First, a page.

The United States Supreme Court ruled on Monday morning in favor of a baker hailing from Colorado who refused to bake a cake for a gay couple. The victory is a shaky one, though, as it deflected from the broader issue.
“The justices, in a 7-2 decision, said the Colorado Civil Rights Commission showed an impermissible hostility toward religion when it found that baker Jack Phillips violated the state’s anti-discrimination law by rebuffing gay couple David Mullins and Charlie Craig in 2012. The state law bars businesses from refusing service based on race, sex, marital status or sexual orientation.”
The majority ruling cited a specific comment a former commissioner, Diann Rice, made. Rice said that “freedom of religion, and religion, has been used to justify all kinds of discrimination throughout history, whether it be slavery, whether it be the Holocaust.”
But, “Our society has come to the recognition that gay persons and gay couples cannot be treated as social outcasts or as inferior in dignity and worth,” Justice Anthony Kennedy wrote for the majority.
“Colorado law can protect gay persons, just as it can protect other classes of individuals, in acquiring whatever products and services they choose on the same terms and conditions as are offered to other members of the public.”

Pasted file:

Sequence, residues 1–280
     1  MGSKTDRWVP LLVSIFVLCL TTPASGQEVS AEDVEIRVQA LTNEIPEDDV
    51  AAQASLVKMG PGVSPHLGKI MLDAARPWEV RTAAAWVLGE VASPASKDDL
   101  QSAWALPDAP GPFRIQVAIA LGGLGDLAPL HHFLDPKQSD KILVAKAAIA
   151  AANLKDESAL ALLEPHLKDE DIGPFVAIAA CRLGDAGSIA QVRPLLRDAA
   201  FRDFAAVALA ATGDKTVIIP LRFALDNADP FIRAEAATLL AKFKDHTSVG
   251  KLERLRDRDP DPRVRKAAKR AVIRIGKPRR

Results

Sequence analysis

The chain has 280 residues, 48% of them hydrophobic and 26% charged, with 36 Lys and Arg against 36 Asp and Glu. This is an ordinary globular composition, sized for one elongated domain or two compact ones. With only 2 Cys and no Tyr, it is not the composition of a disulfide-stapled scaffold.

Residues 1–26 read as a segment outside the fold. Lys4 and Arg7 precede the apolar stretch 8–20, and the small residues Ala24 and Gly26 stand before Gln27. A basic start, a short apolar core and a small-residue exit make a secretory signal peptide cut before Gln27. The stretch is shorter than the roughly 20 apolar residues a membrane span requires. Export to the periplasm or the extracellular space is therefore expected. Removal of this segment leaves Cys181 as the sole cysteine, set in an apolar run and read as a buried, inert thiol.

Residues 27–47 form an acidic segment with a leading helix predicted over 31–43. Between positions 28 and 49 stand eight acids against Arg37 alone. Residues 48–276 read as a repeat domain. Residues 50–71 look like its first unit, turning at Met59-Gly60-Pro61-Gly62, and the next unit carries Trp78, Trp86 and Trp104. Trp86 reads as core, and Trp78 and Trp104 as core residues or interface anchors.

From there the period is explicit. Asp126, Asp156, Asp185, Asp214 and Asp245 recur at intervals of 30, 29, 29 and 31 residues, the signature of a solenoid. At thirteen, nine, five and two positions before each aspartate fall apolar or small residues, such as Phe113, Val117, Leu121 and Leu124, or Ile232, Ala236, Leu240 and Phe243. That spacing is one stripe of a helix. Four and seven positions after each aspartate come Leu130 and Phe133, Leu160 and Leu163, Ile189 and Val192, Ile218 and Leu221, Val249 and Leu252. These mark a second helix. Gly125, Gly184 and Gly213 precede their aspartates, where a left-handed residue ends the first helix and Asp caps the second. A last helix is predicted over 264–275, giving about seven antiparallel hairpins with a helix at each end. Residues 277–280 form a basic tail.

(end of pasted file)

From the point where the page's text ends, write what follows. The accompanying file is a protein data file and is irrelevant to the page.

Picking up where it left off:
Justices Ruth Bader Ginsburg and Sonia Sotomayor dissented. In the dissent, Justice Ginsburg wrote that she agreed with the parts of the majority ruling that favored gay rights.
But uncertainties remain, according to JoLynn Markison, a partner at the international law firm Dorsey & Whitney in its labor and employment practice.
“The Supreme Court failed to consider whether the Commissioner’s ‘inappropriate’ statement about religion impacted the outcome of Commission’s decision,” Markison explained. “Finding instead that the Commissioner’s statement evinced ‘hostility’ towards religion, the Supreme Court invalidated the Commission’s decision without analyzing whether the decision was correct. In so doing, the Supreme Court sidestepped the ultimate question in this case — whether freedom of religion can be used to discriminate against gay people in places of public accommodation.”
“We can expect to see many more instances of public businesses refusing to provide services to gay people in the name of religious freedom. The Supreme Court may have dodged the issue for now, but it will not be able to avoid it forever,” Markison added.
Justice Kennedy made it clear in his ruling that the issue will indeed come up again — and the Court will keep in mind religious rights as well as those of the LGBT community.
“The outcome of cases like this in other circumstances must await further elaboration in the courts, all in the context of recognizing that these disputes must be resolved with tolerance, without undue disrespect to sincere religious beliefs, and without subjecting gay persons to indignities when they seek goods and services in an open market,” he wrote.